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The complex cepstrum for a sequence x is calculated by finding the complex natural logarithm of the Fourier transform of x, then the inverse Fourier transform of the resulting sequence.
The toolbox function cceps performs this operation, estimating the complex cepstrum for an input sequence. It returns a real sequence the same size as the input sequence:
xhat = cceps(x)
For sequences that have roots on the unit circle, cepstrum analysis has numerical problems. See Oppenheim and Schafer  for information.
The complex cepstrum transformation is central to the theory and application of homomorphic systems, that is, systems that obey certain general rules of superposition. See Oppenheim and Schafer  for a discussion of the complex cepstrum and homomorphic transformations, with details on speech processing applications.
t = 0:0.01:1.27; s1 = sin(2*pi*45*t);
Add an echo of the signal, with half the amplitude, 0.2 seconds after the beginning of the signal.
s2 = s1 + 0.5*[zeros(1,20) s1(1:108)];
The complex cepstrum of this new signal is
c = cceps(s2); plot(t,c)
The real cepstrum of a signal x, sometimes called simply the cepstrum, is calculated by determining the natural logarithm of magnitude of the Fourier transform of x, then obtaining the inverse Fourier transform of the resulting sequence.
y = rceps(x)
By definition, you cannot reconstruct the original sequence from its real cepstrum transformation, as the real cepstrum is based only on the magnitude of the Fourier transform for the sequence (see Oppenheim and Schafer ). The rceps function also returns a unique minimum-phase sequence that has the same real cepstrum as x. To obtain both the real cepstrum and the minimum phase reconstruction for a sequence, use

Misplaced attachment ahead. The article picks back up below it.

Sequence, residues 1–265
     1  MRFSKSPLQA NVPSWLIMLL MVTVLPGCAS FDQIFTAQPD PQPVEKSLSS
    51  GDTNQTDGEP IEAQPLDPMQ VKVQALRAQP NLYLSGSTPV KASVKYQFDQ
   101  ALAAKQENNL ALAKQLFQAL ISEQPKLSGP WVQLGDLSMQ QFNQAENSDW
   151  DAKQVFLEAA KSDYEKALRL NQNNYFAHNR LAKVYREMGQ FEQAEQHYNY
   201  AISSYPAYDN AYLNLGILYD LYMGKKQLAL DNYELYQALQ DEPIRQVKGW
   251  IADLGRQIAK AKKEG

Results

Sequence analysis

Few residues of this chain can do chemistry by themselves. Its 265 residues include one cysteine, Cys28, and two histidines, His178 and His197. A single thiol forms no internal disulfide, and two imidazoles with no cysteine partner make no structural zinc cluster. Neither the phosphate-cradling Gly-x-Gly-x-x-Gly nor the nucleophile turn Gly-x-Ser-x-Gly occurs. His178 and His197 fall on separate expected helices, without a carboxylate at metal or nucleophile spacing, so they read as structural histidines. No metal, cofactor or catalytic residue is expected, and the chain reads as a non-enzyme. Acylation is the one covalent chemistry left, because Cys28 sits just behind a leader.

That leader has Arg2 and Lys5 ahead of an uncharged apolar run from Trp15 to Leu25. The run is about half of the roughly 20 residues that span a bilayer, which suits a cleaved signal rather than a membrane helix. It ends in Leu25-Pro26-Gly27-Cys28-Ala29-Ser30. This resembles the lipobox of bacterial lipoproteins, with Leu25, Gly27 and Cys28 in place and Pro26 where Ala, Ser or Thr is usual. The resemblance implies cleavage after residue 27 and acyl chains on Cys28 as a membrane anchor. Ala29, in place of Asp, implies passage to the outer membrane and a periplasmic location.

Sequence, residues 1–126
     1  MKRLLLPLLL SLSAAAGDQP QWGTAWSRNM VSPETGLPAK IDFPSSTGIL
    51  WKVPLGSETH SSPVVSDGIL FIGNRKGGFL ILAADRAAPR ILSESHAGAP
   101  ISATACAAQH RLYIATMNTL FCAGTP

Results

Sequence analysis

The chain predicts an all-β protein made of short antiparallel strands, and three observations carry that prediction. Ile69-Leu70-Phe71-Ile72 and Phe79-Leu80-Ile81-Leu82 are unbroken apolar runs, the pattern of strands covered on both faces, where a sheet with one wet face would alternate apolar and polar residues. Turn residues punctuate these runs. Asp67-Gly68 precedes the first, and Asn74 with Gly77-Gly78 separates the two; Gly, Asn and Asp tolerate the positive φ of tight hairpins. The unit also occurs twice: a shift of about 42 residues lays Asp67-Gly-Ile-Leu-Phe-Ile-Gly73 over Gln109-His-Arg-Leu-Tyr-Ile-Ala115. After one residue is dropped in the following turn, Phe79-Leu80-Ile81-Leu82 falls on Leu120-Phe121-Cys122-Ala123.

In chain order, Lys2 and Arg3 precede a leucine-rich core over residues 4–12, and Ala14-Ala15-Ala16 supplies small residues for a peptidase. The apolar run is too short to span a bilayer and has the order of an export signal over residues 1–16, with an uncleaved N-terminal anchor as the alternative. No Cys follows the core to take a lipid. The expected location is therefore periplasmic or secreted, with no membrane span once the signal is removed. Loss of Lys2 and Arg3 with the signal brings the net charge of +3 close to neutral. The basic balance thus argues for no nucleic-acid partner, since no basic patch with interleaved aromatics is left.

[y,ym] = rceps(x)
where y is the real cepstrum and ym is the minimum phase reconstruction of x. The following example shows that one output of rceps is a unique minimum-phase sequence with the same real cepstrum as x.
y = [4 1 5]; % Non-minimum phase sequence [xhat,yhat] = rceps(y); xhat2= rceps(yhat); [xhat' xhat2'] ans = 1.6225 1.6225 0.3400 0.3400 0.3400 0.3400
The Signal Processing Toolbox™ product provides three functions for cepstrum analysis:
Inverse complex cepstrum
To invert the complex cepstrum, use the icceps function. Inversion is complicated by the fact that the cceps function performs a data dependent phase modification so that the unwrapped phase of its input is continuous at zero frequency. The phase modification is equivalent to an integer delay. This delay term is returned by cceps if you ask for a second output. For example:
x = 1:10; [xhat,delay] = cceps(x) xhat = Columns 1 through 4 2.2428 -0.0420 -0.0210 0.0045 Columns 5 through 8 0.0366 0.0788 0.1386 0.2327 Columns 9 through 10 0.4114 0.9249 delay = 1
To invert the complex cepstrum, use icceps with the original delay parameter:
icc = icceps(xhat,2) ans = Columns 1 through 4 2.0000 3.0000 4.0000 5.0000 Columns 5 through 8 6.0000 7.0000 8.0000 9.0000 Columns 9 through 10 10.0000 1.0000
As shown in the above example, with any modification of the complex cepstrum, the original delay term may no longer be valid. You will not be able to invert the complex cepstrum exactly.